Does Your Freelance Business Need Marketing Help?

Often times, we are in a great big hurry to start making money.  We want our freelance business to be successful – and by successful, we often mean providing enough financial compensation so we don’t have to go back to the life of a 9-5er.  

While it is important to focus your attention on the most obvious tasks of your freelance career, it is also important to remember the little details of business – like marketing your freelance business.  Often times, we put marketing on the back burner.  After all, there are so many other, more obvious roles to fill.

But marketing is essential.  And if you want your freelance career to stay afloat, you need to give it the attention it deserves.  Guest writer Mike Jameson shows us how.

 

4 Signs Your Freelance Business Needs Some Marketing Help

It doesn’t matter what type of freelance career you have.  You need to spread the word about your products and/or services.  

You’ll know it is time to turn your attention to marketing if any of the following are true.

how to start marketing a freelance business

 

1. Sourcing Freelance Clients

All Of Your Clients Come From The Same Source. Are you only searching for clients on job boards?  Do all of your leads come from your website? If every client you land gets in contact with you via the same source, you aren’t casting your net out far enough.

You need to have a bit of variety in your lead generation.  Try to bring clients in from a few different sources.  

  • Content development – blogging on your own site, guest blogging on others, sending out monthly newsletters
  • Social outreach – connecting with prospective clients and those who can refer you on Twitter, Facebook and Google+
  • Business networking – industry conferences, forums, LinkedIn, in person introductions

 

2. What Makes Me Different?

The Question “What Makes Me Different?” Causes You To Scratch Your Head. On the surface, it seems like a pretty innocent question.  But if you don’t have an immediate answer for what sets you apart from all your competition, you have a problem.  

 

3.  Using Business Plan Software

The Marketing Section Of Your Business Plan Is Still The Template That Came With The Business Plan Software.

A re-focused marketing plan will help you identify the ways your home business should be growing, how and when you’ll launch new services, and how clients will learn about what you have to offer.

Flying blindly means your business could plateau, you miss out on valuable clients and/or you fall behind the competition.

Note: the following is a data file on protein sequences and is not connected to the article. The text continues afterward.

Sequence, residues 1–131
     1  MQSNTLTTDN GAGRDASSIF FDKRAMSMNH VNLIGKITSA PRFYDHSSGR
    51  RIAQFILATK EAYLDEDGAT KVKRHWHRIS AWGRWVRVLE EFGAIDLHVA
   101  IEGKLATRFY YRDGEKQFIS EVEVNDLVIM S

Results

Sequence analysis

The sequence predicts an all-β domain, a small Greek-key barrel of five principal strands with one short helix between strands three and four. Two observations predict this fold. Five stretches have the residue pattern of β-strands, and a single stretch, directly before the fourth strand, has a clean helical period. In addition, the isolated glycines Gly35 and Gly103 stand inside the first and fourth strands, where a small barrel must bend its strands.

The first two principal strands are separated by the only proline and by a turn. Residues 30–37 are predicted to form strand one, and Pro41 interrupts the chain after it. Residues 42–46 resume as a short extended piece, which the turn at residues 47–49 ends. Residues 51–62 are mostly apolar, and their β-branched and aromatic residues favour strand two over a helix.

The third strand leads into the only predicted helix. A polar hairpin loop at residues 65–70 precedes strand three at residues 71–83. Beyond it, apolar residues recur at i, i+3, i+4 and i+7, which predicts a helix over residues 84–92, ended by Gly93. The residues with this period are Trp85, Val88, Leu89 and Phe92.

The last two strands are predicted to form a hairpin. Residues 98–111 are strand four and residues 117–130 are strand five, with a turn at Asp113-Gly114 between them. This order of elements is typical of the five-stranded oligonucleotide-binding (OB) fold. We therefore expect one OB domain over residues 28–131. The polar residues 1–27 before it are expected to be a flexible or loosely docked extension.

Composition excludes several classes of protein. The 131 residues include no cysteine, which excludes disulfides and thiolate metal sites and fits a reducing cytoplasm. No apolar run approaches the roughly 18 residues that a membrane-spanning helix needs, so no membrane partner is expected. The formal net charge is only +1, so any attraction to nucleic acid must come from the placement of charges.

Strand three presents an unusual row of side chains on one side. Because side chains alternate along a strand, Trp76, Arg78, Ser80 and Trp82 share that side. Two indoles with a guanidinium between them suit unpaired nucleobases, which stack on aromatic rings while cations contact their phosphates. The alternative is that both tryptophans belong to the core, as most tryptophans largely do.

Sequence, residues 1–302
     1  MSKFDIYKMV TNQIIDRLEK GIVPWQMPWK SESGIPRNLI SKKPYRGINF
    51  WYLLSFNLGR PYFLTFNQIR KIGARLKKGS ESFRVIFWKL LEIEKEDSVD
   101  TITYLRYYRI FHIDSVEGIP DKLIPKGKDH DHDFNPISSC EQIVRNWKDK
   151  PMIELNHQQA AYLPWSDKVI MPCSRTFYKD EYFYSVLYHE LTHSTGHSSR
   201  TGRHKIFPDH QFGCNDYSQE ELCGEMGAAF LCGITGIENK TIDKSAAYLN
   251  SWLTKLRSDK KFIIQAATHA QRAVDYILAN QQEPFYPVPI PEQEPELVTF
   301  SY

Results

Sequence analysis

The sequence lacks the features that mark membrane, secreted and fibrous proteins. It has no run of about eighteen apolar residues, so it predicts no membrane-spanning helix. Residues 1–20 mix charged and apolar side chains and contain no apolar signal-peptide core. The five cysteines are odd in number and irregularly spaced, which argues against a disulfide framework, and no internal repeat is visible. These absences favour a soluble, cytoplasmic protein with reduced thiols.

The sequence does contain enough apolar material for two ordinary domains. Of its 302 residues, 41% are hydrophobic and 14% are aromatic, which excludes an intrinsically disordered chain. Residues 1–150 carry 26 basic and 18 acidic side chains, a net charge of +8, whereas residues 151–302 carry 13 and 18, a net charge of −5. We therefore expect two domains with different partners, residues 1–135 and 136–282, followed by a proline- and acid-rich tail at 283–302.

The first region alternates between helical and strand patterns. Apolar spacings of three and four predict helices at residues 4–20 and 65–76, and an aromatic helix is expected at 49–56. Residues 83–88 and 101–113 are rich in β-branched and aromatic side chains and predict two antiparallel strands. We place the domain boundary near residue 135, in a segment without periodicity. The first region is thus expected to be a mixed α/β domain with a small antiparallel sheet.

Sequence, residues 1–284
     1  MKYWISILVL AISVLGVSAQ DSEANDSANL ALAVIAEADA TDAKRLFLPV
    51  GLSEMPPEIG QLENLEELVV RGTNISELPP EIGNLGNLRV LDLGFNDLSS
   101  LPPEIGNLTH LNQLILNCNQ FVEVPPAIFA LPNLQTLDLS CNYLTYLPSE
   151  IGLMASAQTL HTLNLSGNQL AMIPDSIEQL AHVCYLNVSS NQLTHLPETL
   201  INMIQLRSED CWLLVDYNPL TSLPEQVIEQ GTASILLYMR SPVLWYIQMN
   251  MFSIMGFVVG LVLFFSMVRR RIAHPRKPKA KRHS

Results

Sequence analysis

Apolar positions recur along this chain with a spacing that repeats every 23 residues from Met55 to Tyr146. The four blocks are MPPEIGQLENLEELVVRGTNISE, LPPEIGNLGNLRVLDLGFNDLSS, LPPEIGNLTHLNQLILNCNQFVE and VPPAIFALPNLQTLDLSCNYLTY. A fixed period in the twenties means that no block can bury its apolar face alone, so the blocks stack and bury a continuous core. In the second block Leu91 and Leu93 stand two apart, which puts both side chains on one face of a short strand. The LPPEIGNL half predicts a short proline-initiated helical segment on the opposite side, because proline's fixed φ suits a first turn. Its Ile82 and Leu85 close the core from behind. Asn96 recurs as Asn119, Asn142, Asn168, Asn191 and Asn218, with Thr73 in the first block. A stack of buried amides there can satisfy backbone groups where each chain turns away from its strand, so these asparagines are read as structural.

4.  Freelance Strategic Planning

Do your strategic plan lack focus? Infusing marketing efforts into your business means you become a big thinker.  You have a long-term purpose.  You’ll constantly be thinking of new ideas, new ways to promote your services, and new client groups to tap into.

Now what?

If you are ready to wear the marketing hat yourself, it is time to done that important piece of headwear.  Do some research.  Read the best blogs about marketing.  Connect with other freelancers and ask for tips.  Consult your mentor.  Don’t be afraid to engage in a little trial and error.  The point is – just do something ... now! 

 

How To Infuse Marketing Into Your Freelance Business

If you are ready to wear the marketing hat yourself, it is time to done that important piece of headwear.  Do some research.  Read the best blogs about marketing.  Connect with other freelancers and ask for tips.  Consult your mentor.  Don’t be afraid to engage in a little trial and error.  The point is – just do something ... now!  

If you still aren’t ready to tackle marketing yourself or don’t have the time to devote to the task, consider hiring some professional help.  There are a few ways to go about doing that.

First, you could hire a fellow freelancer to help you in the areas you lack.  It might be possible to find one freelancer that can help you all areas – content marketing, SEO, website design, social media outreach, etc.  

If you aren’t able to find a Jack of all Trades, farm out the tasks individually.  Hire a freelancer to focus on each individual area.  You might just need someone to lay the groundwork.  Once the foundation has been established, you might be able to handle the maintenance on your own.  

This will allow you to keep the freelancers you need on an ongoing basis (maybe content writing for blog outreach) and cut the ones you don’t need once the task is complete (website design, for example).

 

Most freelancers think, “I’ll do it later.”  But when is “later?”  Later is now!

 

The last option is the most expensive – hiring a marketing firm.  If you have no intention of growing your freelance business past your own expertise, this step might be excessive.  But if you want to turn your freelance career into something more – say, a small business with other employees – you might need some professional help.

There are several perks of hiring a professional marketing firm.  Most firms can tackle all your tasks.  You won’t need to hunt for multiple specialists.  Also, a marketing firm is kind of like a crockpot – give it all the necessary ingredients and let it turn out something fabulous with zero effort on your part.

Mike Jameson started his business as a freelance endeavour.  After a few years, it turned into a successful small business.  In the beginning, he relied heavily on the help of a few other freelancers to help him market his corn toss boards.  He even hired a freelance writer to provide content marketing like this for his corn toss company.  Now that he has found success, Mike is eager to share his thoughts with others.

What marketing efforts are you using for your freelance business?  Tell us about your experience in the comment section below.

Check out our Business Advice for more great marketing tips!

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